We only stayed in Arequipa for two days, book-ending our hike down Colca Canyon, but we really enjoyed our short stay. The colourful city had the most noticeable Spanish flair of any we visited in Peru, and we had a nice time simply walking through the cobblestone streets. The area near the Plaza de Armas has lots of cute and funky cafés to check out, as well as a monastery. The Plaza itself is a great place to spend a beautiful sunny afternoon people watching, and the view of the mountains behind the cathedral are something to behold. If you plan on hiking the Colca Canyon, make sure to plan to spend a few days in Arequipa as well!
How to Get There
Cusco to Arequipa
We bused from Cusco to Arequipa with Oltursa bus company for 70 soles. It took just over 8 hours to make the trip overnight. We were super comfortable, with seats that reclined almost all the way back, and blankets provided. They played an Adam Sandler movie with english subtitles, and gave us a small okay meal of pesto pasta, chicken (looked a little sketchy) and yoghurt. The bus left from the Terminal Terrestre in Cusco; you can buy tickets there. You will also need to purchase your bus tax before boarding at a small booth marked “TAME” in the middle of the station.
Arequipa to Colca Canyon (Cabanaconde)
This is a 6 hour local bus trip that leaves from the Terminal Terrestre in Arequipa. Our hostel owner booked a taxi for 10 soles to pick us up early in the morning in order for us to catch the 3:30 am bus. Buses seem to leave at 1:00 am, 3-3:30 am, 9:00 am, 10:00 am, and 2:00 pm, but schedules change often so the best thing to do is check at the bus station when you arrive. We took Empress Senior de los Milagros (a purple and white bus) for 17 soles. We also needed to pay a 1.5 soles tax at the main blue booth in the middle of the bus station. We had a 45 minute stop in Chivay between 6:45-7:30am, then had an option to hop off at Cruz del Condor, then arrived at Cabanaconde at 9:30am.
Colca Canyon (Cabanaconde) back to Arequipa
Our bus ride back was on Reyna (green, gold and white bus) and also cost 17 soles. The Milagros bus also makes the trip back, and both companies change schedules all the time. Best thing to do is check out the bus schedule going back to Arequipa when you arrive in Cabanaconde, and book a ticket before making your way to the canyon. We were able to leave in the early afternoon.
Arequipa to Ica (Huacachina)
We bused from Arequipa to Ica in order to spend a few days in the backpacker desert oasis that is Huacachina. We also took Oltursa for this journey, and the 12 hour trip took 90 soles. Again, we needed to pay tax at the middle booth, this time 3 soles. The movie Ride Along played with english subtitles and we were comfy again except the temperature was really variable this time. In Ica we were dropped at the Oltursa station, each company has their own station in Ica, there isn’t a communal Terminal Terrestre. From there we paid 10 soles for a taxi ride into Huacachina.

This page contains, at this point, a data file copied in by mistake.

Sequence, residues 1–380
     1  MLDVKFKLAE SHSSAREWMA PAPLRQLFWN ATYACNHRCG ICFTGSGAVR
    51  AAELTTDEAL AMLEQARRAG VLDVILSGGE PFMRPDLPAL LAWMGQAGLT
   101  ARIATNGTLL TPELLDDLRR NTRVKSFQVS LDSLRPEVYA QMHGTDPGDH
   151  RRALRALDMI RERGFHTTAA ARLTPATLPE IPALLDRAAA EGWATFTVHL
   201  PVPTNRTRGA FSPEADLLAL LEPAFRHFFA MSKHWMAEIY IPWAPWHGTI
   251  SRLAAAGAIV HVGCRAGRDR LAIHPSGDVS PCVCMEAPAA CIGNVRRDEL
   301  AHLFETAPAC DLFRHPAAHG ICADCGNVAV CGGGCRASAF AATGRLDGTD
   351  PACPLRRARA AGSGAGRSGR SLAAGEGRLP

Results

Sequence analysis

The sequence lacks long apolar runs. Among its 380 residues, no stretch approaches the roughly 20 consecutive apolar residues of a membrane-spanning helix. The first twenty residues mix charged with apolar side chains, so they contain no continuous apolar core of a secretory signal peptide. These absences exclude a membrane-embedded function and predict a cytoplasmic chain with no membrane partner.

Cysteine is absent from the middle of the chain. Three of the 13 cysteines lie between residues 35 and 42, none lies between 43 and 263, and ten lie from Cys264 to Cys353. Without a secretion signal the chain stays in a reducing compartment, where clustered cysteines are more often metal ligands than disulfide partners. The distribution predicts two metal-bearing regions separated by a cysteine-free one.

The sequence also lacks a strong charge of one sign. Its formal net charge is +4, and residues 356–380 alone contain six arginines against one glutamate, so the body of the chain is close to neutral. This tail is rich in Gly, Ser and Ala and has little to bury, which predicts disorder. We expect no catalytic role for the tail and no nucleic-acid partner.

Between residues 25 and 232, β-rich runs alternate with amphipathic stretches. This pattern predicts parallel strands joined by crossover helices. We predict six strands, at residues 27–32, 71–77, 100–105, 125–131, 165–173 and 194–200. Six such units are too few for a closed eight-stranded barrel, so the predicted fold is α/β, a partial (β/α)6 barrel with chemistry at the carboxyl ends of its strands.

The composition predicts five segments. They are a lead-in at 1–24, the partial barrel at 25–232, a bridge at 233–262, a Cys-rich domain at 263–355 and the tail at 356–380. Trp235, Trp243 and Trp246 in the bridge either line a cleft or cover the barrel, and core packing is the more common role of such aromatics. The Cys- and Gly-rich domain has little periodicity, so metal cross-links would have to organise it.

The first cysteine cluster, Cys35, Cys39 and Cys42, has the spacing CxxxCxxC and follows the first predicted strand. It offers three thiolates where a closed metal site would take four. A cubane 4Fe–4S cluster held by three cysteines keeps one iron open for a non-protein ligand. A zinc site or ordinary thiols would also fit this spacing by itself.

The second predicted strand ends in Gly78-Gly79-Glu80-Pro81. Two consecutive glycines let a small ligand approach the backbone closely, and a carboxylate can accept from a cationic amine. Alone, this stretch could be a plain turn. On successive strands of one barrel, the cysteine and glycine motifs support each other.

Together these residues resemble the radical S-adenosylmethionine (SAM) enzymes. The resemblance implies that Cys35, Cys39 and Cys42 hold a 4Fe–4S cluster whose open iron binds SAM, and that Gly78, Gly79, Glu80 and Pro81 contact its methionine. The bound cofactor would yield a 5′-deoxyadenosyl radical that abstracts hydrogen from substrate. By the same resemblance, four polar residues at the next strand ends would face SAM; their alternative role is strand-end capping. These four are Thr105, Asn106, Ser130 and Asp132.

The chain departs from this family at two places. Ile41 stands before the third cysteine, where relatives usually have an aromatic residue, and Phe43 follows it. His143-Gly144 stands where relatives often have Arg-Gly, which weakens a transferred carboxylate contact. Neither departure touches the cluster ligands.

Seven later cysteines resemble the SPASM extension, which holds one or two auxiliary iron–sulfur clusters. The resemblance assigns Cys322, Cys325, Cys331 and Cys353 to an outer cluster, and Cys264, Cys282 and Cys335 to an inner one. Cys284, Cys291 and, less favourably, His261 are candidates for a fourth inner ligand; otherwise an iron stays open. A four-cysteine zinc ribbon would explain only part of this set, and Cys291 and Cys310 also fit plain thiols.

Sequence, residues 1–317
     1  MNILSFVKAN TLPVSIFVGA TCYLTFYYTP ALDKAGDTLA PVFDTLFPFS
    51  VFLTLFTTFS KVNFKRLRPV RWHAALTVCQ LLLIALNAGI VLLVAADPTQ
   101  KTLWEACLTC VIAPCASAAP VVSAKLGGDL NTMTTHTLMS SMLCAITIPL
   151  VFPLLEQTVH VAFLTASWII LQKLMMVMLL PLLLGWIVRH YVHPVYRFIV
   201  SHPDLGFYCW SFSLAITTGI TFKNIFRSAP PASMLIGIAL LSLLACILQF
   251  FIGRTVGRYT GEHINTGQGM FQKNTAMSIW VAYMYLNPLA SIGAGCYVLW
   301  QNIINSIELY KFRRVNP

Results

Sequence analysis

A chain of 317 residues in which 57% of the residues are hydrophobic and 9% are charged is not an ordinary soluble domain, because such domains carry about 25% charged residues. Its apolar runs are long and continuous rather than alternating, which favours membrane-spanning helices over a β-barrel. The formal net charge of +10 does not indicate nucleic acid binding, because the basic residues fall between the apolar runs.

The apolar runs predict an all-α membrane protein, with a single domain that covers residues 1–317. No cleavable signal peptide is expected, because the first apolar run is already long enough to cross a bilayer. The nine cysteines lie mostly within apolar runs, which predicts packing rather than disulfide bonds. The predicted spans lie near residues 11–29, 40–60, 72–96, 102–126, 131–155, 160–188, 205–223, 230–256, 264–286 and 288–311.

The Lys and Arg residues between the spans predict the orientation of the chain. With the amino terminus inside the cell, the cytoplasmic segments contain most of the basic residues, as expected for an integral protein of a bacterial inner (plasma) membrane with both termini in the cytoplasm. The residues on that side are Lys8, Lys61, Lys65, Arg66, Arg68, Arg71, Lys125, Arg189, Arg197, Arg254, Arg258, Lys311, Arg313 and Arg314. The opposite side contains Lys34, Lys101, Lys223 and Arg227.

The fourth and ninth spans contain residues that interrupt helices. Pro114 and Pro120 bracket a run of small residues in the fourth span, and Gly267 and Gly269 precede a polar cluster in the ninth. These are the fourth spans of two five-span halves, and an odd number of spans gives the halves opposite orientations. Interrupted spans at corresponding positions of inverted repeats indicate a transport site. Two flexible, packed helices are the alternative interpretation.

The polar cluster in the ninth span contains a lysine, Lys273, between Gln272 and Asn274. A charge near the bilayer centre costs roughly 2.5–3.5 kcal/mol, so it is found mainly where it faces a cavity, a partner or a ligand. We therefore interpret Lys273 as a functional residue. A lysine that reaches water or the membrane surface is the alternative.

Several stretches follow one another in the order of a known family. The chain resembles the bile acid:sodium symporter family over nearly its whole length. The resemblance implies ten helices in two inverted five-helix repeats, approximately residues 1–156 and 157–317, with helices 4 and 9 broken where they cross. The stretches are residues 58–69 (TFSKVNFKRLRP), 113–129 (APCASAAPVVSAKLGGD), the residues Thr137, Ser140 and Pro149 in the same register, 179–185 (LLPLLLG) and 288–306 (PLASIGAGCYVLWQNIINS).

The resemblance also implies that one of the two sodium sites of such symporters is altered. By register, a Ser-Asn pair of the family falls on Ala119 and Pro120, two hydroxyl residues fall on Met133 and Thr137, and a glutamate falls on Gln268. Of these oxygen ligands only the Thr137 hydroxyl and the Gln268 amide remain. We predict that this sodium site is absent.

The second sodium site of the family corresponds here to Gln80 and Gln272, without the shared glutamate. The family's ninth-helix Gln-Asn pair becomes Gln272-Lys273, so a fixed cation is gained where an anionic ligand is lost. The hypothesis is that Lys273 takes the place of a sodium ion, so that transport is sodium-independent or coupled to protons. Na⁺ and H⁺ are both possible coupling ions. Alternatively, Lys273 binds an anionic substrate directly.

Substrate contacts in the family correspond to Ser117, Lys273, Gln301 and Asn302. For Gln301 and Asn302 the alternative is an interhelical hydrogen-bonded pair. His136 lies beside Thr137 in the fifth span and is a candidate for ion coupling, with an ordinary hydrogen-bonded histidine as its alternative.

Where to Stay
- Casa de Sillar – This was a cool place, with a very local feel as opposed to a modern hostel feel. A few cute dogs were wandering around with sweaters on, and the main area was a nice place to chill, with books to read. We paid 80 soles for a double bed and private bathroom. The wifi was great, and the room included a free breakfast with eggs! It was within walking distance of the Plaza de Armas, and really close a great wood fired pizza place! You can book this awesome hostel online here.
What to Do
- Plaza de Armas – This was one of the biggest and most beautiful Plaza de Armas’ we visited in South America. The view of the mountain over the cathedral was awesome. The surrounding area is packed with cool cafés, restaurants and bars, so take your time exploring this area.
- Monastery Santa Catalina – This monastery was established by a rich widow in 1580, and occupied mostly by nuns. Now it’s open for tourists to wander it’s colourful halls that span a whole city block. It’s basically a historical city within a city. You’re able to wander the monastery yourself with the informative pamphlet they provide as a guide, or join an hour long guided tour. Entry is 20 soles.
- Mondo Alpaca – This is a fun spot north of the Plaza de Armas where they sell super expensive alpaca clothing. However the main draw is the 6 -7 different types of alpacas that live here, which you can visit for free!
- Hike the Colca Canyon – This is the closest big city to the Colca Canyon, and you’re able to hike the second deepest canyon in the world with a DIY overnight trip, or an organized tour. Check out our post on how we hiked the canyon without a guide here.
Where to Eat
- Los Lenos Pizza – This was an amazing wood fired pizza spot that we loved so much we went back here for a thanksgiving pizza dinner! Drinks are reasonable and the pizza is amazing.
- Las Gringas – This was a more touristy spot near the monastery that served up craft beer and flatbread pizza. The vibe was cool, unfortunately it was a little overpriced and the service wasn’t great.
- Mirador Misti – Great spot in behind the cathedral to grab lunch and a few drinks! The rooftop patio gives you a great view of the cathedral, and people watching down the shopping street below.
- Hatunpa – This place is all about potatoes, and serves up a tasty plate of carbs flavoured and garnished with pretty much anything you can imagine. You can also learn a ton about potatoes, including how to say potato in a bunch of different languages. If you’re looking for something different, and local, Hatunpa definitely provides that.